The government maintained efforts to prevent human trafficking, although it did not take any new steps to reform the visa sponsorship system, which continued to render migrant workers highly vulnerable to exploitation, including trafficking. The National Committee, established in 2018, did not convene during the reporting period; however, the working group within the committee tasked with implementing the government’s anti-trafficking strategy and the NRM convened three times during the reporting period. The National Committee included representatives from the Ministry of Justice, Ministry of Foreign Affairs, Ministry of Information, Ministry of Awqaf and Islamic Affairs, Ministry of Social Affairs, Ministry of Education, Ministry of Health, MOI’s Anti-Trafficking Department and Residency Affairs Division, PAM, and the PPO. The government reported that agencies tasked with combating trafficking, including those on the National Committee, continued to operate during the reporting period, although their operations were limited by pandemic restrictions, as most government entities remained staffed at only 30 to 60 percent capacity. The government, in collaboration with an international organization, financially supported and conducted public awareness campaigns at shopping malls and the international airport to raise awareness of trafficking and warn against using illegal labor recruitment companies. Various officials also took part in anti- trafficking awareness messaging on local television, radio, and social media platforms. The government continued to disseminate pamphlets to educate migrant workers on their rights, which were published in seven languages and disseminated in airports, embassies, and labor- recruitment agencies. In July 2021, the government, in coordination with an international organization, reported it organized a campaign to raise awareness on trafficking during World Day Against Trafficking in Persons through an SMS campaign and questionnaire contest.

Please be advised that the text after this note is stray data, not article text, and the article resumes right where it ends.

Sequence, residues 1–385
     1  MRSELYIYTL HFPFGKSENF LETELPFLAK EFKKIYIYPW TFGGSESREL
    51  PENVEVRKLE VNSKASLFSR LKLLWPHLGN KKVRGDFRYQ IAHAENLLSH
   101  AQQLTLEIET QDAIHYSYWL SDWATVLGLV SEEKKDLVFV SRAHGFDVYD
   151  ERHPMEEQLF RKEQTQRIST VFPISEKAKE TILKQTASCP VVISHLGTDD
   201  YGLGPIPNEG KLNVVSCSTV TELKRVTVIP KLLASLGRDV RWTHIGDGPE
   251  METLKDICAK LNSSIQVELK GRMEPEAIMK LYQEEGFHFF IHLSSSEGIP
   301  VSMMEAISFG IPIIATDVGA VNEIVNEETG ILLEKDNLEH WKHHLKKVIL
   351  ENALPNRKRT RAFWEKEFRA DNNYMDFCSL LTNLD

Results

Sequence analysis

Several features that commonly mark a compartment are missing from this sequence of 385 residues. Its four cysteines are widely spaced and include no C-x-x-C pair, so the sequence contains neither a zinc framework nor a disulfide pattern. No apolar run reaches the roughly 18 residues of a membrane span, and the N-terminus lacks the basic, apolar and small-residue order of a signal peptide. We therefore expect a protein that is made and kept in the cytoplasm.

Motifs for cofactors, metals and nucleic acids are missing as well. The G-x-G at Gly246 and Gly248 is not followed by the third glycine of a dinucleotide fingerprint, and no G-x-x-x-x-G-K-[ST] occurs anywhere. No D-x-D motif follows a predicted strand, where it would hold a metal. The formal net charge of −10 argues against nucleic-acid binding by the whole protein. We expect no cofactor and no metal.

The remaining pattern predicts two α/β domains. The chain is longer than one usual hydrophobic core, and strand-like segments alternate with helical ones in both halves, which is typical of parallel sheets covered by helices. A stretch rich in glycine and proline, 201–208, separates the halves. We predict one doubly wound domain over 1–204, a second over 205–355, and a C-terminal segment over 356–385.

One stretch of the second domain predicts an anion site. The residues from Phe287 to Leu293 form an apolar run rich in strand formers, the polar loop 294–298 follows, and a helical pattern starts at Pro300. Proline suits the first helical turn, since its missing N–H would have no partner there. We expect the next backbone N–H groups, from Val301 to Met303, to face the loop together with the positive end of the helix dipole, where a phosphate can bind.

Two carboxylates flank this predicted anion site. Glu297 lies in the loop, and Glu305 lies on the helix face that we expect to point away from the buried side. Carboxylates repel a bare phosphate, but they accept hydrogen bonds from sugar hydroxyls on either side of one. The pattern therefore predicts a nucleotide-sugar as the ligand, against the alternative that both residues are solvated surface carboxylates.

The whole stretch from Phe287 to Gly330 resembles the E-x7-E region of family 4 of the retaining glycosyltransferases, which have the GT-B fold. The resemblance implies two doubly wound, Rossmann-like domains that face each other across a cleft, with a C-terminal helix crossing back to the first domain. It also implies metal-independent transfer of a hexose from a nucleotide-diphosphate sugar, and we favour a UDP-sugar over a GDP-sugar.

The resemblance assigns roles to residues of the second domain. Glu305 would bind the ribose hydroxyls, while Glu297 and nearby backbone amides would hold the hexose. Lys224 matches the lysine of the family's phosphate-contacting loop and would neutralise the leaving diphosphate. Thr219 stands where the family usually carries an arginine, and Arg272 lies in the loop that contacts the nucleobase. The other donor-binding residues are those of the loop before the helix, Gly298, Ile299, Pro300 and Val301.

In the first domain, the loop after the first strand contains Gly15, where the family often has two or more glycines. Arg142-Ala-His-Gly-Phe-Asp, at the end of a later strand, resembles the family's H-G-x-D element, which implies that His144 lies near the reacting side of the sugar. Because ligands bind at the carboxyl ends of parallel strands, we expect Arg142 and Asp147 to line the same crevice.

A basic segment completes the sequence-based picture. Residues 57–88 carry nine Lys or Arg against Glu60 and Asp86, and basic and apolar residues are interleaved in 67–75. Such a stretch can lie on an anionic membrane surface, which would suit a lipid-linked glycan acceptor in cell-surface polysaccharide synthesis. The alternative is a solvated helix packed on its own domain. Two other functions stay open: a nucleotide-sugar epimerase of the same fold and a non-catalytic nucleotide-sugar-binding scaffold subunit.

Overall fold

In the last reporting period, PAM announced a collaborative program with the GSSCPD and two international organizations, entitled “Tamkeen,” which included the creation of an International Recruitment Integrity System (IRIS), a voluntary accreditation mechanism that connects employers, employees, and recruiters to promote ethical recruitment. The government reported it continued to implement the Tamkeen initiative with the aim to digitize PAM’s labor files in order to make the files trackable to prevent trafficking-related corruption and bribes by government officials and increase the transparency of the government’s regulation of foreign worker recruitment. An international organization reported it provided training to the five private sector recruitment agencies licensed by PAM on ethical recruitment and IRIS. In December 2021, PAM announced a new initiative to regulate the licenses and files of recruitment companies under the auspices of a specialized team within PAM. PAM planned to screen commercial licenses to regulate the number of workers companies were allowed to hire—including for government contracts—to prevent companies from fraudulently hiring large numbers of workers for fake positions or positions different than contractually agreed upon. If violations occurred, PAM planned to suspend the company and refer it to court for legal action; however, PAM did not report what action it had taken to implement the new initiative by the end of the reporting period.